March 27, 2013 —
Council member Jerry Callihan, who was openly critical of the original design and the engineer that drafted it, Paul Amburgey, expressed satisfaction with the revised plan and believes it will correct the errors in the system.
“This is what we should have done in the first place. The two filtration lagoons will hold 85,000 gallons each, which is double the amount that the first plan called for,” Callihan said.
The Council then took up the issue of examining the electric rate ordinance for any errors or items overlooked originally that they feel should be corrected.
After lengthy discussion regarding the demand metering threshold for residential customers, the Council decided to table the issue and hold a working session before the next regular Council meeting regarding average residential kilowatt usage.
Mayor Kenny Fankell was then empowered by the Council to assign general labor duties to the city’s Code Enforcement Office, Taylor Duncan, in lieu of creating a new position of Civil Enforcement Officer/General Laborer.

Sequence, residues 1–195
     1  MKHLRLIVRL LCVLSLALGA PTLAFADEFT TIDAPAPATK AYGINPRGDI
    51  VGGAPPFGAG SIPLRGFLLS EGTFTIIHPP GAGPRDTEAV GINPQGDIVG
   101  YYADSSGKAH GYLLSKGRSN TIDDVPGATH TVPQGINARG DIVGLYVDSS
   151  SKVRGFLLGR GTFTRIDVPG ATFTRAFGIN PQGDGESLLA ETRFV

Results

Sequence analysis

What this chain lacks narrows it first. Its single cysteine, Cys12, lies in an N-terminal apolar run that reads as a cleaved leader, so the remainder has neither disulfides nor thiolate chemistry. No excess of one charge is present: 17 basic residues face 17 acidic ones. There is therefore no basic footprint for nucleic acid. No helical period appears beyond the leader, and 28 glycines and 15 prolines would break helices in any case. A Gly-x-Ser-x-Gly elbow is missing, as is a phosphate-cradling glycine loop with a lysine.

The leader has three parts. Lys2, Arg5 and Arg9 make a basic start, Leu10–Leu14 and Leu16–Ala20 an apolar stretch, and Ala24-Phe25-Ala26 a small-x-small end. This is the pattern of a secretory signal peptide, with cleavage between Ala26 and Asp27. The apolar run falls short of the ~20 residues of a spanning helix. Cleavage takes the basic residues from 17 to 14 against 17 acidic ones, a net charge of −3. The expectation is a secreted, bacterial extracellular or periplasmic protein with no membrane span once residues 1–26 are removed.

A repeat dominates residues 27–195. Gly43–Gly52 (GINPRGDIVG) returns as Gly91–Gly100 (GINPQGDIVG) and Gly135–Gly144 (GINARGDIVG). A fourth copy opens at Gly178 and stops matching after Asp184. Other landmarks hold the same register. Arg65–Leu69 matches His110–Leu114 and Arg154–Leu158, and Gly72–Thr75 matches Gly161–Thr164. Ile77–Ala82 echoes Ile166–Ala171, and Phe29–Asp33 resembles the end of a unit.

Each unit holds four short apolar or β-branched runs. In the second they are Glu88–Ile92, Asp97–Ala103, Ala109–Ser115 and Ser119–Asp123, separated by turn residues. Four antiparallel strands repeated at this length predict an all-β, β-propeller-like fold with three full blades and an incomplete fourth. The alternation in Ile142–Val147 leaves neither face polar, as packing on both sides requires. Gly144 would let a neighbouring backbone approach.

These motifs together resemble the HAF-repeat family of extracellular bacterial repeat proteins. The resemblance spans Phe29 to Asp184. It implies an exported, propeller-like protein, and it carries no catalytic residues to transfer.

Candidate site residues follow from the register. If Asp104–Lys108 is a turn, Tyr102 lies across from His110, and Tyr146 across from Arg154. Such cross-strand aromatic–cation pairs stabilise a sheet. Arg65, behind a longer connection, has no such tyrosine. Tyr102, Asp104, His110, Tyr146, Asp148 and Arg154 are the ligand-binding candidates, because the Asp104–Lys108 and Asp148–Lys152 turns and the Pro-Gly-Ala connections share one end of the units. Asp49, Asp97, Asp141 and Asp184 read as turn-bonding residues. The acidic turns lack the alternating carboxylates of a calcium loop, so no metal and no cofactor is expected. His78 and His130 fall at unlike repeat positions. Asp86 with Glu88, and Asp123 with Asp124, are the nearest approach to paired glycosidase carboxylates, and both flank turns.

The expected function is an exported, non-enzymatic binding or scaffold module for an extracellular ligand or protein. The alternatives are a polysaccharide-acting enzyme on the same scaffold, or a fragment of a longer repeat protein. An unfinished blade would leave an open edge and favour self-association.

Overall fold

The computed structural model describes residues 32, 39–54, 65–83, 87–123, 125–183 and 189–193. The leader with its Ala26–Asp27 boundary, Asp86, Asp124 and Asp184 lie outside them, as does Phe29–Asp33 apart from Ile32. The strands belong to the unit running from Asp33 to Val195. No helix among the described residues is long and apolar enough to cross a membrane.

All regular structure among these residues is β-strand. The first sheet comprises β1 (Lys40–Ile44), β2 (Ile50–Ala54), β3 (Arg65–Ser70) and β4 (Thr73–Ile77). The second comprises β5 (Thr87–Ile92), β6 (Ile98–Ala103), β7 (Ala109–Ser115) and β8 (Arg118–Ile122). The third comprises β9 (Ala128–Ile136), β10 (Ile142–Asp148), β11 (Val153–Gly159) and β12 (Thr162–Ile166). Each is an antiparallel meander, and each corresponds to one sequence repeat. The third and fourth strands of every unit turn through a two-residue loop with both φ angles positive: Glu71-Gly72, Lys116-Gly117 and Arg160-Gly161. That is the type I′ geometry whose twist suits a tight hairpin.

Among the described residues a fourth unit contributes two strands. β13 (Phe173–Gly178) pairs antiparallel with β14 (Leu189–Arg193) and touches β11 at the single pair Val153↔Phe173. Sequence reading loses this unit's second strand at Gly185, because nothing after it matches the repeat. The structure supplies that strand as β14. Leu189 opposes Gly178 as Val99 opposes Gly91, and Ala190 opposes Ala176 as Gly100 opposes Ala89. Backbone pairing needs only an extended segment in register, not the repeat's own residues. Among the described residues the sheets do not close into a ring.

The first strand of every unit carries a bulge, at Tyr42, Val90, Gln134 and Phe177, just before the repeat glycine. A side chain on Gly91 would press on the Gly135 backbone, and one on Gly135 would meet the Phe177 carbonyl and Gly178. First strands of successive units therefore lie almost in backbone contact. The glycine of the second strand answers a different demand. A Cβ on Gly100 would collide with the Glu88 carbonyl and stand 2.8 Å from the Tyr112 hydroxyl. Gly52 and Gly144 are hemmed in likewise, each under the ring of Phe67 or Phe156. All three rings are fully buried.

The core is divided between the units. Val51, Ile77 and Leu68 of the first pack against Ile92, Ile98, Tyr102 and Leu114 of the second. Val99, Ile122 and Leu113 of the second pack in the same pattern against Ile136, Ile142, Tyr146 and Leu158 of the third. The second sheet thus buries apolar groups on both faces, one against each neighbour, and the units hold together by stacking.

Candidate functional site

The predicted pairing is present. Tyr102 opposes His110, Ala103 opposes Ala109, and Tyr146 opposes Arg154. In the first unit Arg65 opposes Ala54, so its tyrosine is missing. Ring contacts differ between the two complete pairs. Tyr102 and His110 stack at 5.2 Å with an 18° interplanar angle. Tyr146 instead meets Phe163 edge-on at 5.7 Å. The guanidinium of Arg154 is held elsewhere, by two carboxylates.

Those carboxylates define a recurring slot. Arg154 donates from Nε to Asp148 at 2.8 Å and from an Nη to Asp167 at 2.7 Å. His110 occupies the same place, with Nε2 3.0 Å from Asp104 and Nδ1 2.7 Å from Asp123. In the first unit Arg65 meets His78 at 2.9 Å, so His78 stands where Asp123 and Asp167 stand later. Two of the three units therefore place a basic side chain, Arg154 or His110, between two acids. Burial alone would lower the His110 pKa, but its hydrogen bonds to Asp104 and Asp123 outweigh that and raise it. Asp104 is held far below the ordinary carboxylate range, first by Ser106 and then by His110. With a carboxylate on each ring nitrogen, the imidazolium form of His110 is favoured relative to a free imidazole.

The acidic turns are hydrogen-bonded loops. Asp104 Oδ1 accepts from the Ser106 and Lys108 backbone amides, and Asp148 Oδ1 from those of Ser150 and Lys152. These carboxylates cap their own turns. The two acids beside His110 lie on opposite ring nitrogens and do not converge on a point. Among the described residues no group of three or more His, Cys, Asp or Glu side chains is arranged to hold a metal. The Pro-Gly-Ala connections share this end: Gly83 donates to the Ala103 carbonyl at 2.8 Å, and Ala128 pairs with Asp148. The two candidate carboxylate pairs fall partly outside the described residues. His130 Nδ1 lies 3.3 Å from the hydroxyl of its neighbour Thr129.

The move will ease the budgetary burden on the city and require Duncan to work a standard 40-hour week, which the Council hopes will give him more opportunity to address structural issues within the city while also performing other needed tasks.
Meade then moved for a second reading of an ordinance that would require all city-appointed boards and commissions to make monthly reports to the City Council or face being dissolved.
While all Council members agreed that these reports need to be filed, some feared the language of the ordinance might be too strong and could be interpreted as forcing the Council to dissolve committees that might have a legitimate reason for missing a monthly report.
“I agree that we need the ability to dissolve them if necessary, but I think we need to hear their side of the story before we make that decision,” said Council member Angie Johnson Fultz.